Well, it's that time of year again. Of course, I'm referring to the time of year when people spout off about their predictions for the coming year. Yes, the weather outside is mighty frightful and the economic climate will be spiteful. Since we can't afford to go anywhere, let it search, let it search, let it search.
1. Google Embraces Big Government
As if we didn't have enough to worry about, another downside of a sliding economy is that little things like net neutrality and Internet commerce get less and less attention. In other words, buying back our collective housing and auto industries take priority over little things like private companies impeding upon certain liberties.
For the record, 30-odd years of money being available to any idiot that can speak or breathe put us in this situation and, as is often the case with opportunism at the expense of the weak, very few actually made money. The government now has a great deal of equity in the private sector and we're all in for a ride.
Google's CEO out there stumping for the obvious presidential winner -- which in no way represented the interests of Google, of course -- should have been an interesting clue. Conversely, you could re-watch Obama's famous infomercial with the tiny print disclaimer appearing below the large print "CEO GOOGLE" declaring Schmidt's endorsement as "personal." Then again, Schmidt took himself out of the running for national chief tech guy spot, so maybe I'm off.
Then again, maybe running under the radar is the plan. It's going to be increasingly difficult for Google to run under the radar, I just hope we have the good sense to keep an eye on the "do no evil" people.
2. Search Continues to Blend
The blended search model works. As search becomes more personal (because no one seems to care about privacy), results will include more and more information that can't be included in a little blue text link.
Finally, more listings will contain local information, news, maps, video and vertical interest information. Way back in March, we looked at overall blended search penetration at Search Engine Strategies New York. ComScore data revealed that roughly 17 percent of searches contained some type of blended result. When we revisited that data at SES Chicago last week, we found that blended penetration had almost doubled at over 31 percent of all searches.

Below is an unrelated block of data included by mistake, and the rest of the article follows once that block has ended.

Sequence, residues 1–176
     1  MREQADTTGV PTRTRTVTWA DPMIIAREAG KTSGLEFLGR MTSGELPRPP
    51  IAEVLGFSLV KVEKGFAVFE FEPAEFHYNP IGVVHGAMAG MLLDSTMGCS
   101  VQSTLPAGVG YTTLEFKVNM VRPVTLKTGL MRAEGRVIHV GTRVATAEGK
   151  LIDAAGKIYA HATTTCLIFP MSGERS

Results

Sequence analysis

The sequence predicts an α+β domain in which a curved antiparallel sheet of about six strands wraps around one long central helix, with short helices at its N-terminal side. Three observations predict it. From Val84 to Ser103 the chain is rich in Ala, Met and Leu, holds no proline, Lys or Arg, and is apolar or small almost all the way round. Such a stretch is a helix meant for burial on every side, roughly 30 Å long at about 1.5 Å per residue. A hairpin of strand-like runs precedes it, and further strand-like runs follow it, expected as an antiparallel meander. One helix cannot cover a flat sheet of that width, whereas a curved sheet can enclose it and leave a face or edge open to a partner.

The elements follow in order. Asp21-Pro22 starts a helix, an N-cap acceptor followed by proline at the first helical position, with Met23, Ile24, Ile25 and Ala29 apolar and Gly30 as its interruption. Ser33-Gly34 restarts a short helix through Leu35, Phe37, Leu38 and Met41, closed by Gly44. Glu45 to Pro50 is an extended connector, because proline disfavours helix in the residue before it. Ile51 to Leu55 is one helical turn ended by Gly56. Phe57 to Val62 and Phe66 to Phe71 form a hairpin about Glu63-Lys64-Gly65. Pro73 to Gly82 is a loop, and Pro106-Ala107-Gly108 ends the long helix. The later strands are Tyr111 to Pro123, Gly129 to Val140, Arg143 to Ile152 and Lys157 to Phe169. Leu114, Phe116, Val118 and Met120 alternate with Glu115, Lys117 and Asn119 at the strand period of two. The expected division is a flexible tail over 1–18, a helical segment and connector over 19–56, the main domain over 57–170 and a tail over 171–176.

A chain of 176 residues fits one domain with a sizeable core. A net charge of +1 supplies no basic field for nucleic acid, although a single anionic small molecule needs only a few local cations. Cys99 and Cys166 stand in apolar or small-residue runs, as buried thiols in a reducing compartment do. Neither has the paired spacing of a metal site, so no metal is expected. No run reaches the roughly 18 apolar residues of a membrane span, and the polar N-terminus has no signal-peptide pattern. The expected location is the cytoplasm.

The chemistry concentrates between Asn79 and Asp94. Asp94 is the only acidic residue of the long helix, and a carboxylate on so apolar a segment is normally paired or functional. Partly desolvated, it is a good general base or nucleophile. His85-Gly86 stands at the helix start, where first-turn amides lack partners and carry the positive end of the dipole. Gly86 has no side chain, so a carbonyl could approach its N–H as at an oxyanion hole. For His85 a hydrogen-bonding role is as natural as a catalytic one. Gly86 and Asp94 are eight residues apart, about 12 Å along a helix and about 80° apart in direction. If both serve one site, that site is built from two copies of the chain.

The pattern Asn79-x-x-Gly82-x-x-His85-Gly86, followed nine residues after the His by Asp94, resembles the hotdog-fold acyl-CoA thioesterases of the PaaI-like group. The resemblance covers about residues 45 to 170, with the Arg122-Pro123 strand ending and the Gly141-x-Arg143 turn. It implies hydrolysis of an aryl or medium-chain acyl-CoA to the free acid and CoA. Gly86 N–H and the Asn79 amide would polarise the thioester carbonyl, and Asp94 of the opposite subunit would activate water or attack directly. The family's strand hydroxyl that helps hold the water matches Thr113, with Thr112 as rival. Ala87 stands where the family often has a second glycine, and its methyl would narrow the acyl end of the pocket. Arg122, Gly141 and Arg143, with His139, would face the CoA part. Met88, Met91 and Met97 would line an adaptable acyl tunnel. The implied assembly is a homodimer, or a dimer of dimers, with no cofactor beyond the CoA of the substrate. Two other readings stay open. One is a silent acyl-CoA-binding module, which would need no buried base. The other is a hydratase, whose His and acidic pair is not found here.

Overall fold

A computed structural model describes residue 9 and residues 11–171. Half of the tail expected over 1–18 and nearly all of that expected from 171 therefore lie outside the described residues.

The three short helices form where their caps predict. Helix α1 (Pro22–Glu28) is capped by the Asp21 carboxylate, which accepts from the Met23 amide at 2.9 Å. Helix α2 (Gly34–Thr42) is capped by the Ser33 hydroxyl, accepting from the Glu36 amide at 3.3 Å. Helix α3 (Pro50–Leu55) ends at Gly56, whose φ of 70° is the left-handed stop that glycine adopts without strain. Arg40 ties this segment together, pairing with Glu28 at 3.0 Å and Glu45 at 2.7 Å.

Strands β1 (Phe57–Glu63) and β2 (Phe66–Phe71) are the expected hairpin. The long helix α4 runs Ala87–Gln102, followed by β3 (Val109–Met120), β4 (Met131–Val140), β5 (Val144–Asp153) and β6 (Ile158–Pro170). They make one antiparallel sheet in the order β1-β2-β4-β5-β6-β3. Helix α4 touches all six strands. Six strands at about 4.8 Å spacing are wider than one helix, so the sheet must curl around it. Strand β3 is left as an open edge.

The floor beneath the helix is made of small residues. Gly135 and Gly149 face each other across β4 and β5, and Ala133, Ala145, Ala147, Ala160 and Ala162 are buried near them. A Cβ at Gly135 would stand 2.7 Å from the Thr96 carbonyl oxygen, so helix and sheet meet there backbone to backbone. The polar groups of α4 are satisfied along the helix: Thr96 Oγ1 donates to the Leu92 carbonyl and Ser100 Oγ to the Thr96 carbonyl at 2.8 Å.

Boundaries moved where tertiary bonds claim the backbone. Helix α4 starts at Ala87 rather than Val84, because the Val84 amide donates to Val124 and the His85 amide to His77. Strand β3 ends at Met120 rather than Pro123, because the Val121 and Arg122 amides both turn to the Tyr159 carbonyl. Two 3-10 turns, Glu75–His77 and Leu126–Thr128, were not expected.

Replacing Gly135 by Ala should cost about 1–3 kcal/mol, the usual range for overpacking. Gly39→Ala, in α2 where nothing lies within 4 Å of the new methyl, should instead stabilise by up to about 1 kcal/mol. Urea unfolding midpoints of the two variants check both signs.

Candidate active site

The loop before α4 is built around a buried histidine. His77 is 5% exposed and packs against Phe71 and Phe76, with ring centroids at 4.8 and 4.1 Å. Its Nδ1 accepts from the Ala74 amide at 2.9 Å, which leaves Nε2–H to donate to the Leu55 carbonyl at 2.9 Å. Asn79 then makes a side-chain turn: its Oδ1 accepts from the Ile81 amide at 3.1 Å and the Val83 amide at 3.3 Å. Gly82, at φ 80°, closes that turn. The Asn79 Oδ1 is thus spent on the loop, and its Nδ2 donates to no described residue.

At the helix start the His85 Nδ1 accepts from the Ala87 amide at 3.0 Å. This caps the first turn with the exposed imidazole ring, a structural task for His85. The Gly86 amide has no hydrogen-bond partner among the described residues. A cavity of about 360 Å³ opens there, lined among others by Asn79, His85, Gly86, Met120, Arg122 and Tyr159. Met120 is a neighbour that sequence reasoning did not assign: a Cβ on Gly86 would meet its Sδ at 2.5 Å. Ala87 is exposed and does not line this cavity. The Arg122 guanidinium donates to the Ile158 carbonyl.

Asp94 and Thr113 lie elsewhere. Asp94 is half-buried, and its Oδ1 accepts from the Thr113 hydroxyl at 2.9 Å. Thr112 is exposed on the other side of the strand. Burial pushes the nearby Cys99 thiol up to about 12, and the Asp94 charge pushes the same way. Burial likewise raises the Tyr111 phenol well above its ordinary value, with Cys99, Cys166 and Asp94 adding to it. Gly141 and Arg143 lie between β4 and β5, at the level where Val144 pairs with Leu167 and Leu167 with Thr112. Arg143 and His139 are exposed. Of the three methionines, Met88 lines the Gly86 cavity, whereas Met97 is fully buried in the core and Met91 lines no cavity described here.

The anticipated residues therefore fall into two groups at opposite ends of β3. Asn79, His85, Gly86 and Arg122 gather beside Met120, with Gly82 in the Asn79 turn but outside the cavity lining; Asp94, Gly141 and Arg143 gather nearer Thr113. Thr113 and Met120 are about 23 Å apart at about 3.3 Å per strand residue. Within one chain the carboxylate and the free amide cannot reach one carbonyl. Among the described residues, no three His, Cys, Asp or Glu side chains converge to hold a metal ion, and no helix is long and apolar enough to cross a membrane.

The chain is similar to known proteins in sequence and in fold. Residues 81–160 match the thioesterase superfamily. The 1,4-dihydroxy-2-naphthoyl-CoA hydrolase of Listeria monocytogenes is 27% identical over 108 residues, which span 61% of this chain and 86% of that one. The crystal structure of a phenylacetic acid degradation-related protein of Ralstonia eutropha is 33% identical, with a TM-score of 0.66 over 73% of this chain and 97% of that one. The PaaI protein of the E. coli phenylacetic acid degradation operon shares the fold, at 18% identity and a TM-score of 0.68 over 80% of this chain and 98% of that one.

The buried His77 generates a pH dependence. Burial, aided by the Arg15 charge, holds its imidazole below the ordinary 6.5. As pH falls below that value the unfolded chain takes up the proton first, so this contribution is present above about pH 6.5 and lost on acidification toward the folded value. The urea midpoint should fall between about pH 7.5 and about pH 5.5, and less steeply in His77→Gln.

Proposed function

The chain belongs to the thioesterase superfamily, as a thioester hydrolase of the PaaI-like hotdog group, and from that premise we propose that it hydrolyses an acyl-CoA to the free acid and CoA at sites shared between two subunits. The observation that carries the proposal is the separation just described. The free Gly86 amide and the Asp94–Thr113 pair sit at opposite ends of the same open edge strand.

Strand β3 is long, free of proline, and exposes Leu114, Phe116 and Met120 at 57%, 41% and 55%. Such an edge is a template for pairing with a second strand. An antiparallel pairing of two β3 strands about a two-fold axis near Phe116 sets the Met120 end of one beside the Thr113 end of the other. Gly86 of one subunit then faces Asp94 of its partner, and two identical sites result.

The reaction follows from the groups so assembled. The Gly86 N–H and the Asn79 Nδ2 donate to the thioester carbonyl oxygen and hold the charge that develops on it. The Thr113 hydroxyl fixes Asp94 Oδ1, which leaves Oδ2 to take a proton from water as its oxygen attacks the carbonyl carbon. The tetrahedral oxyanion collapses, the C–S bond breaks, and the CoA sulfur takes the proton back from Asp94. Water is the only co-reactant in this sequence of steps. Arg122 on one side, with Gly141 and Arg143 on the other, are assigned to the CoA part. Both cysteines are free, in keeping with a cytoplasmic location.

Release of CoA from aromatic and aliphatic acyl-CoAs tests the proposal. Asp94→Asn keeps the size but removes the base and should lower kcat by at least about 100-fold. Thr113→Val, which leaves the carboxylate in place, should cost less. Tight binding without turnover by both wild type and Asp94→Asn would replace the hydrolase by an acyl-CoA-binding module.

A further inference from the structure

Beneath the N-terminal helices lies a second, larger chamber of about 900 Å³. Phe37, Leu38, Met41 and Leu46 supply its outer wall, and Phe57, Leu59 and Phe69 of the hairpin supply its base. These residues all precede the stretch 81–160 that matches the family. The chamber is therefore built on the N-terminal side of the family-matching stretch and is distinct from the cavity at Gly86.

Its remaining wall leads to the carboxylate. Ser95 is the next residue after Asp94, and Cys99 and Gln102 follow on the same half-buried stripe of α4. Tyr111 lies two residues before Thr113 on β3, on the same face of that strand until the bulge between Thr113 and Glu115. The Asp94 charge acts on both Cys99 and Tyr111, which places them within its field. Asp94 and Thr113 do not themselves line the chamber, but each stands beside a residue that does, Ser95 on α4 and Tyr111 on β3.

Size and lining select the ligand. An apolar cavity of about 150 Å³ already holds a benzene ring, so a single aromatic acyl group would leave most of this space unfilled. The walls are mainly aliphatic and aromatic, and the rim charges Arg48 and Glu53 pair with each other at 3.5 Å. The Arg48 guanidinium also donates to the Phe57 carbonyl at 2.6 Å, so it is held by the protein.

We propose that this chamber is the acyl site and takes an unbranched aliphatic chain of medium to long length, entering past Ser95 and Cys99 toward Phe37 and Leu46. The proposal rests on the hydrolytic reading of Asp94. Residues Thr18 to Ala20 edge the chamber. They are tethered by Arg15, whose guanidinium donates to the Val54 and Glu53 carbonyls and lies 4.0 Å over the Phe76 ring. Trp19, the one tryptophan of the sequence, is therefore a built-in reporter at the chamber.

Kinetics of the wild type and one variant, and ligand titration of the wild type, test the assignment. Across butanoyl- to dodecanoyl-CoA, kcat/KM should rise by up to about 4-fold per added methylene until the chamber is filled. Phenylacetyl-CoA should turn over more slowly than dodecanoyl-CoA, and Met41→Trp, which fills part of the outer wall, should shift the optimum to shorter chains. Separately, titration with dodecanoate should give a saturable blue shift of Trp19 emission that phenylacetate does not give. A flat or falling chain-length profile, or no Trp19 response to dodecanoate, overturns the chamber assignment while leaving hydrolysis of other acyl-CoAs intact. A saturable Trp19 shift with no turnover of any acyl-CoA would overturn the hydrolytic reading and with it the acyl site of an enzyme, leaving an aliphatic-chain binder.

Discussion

What does that mean for you? Search will become more complicated than it has ever been. Old disciples in SEO won't go away -- they'll be required reading. In the short term, those who optimize video and vertical site assets will win.
Over the mid and long term, the search results page will become more of a destination as users are offered more choices and visual candy when they search. Paid search strategies will have to be modified to accommodate increasingly competitive and chaotic results pages.
3. Yahoo + Microsoft = Chaos
Once Yahoo locates a new CEO (again, my apologies, I have plans in the new year, so I'll pass on the job), there will be a renewed interest in combining assets with Microsoft. Both companies are loaded with potential that might possibly be realized by combining efforts. Sadly, the Wall Street Bullspit of 2008 painted Yahoo in a very negative light. I know I've said this before, but not conserving energy for the post bean counter meetings is where most every company goes wrong.
One man (that would be me) can only hope any acquisition would require both parties sitting down to discuss strategic integration of tangible assets along with intangibles like the plethora of talent in both organizations. Despite the hype about a talent exodus, both Microsoft and Yahoo have a large pile of good people that are willing and able to the combined entity achieve success.
Happy holidays dear readers!
The Original Search Marketing Event is Back!
SES Denver (Oct 16) offers an intense day of learning all the critical aspects of search engine optimization (SEO) and paid search advertising (PPC). The mission of SES remains the same as it did from the start - to help you master being found on search engines. Register today!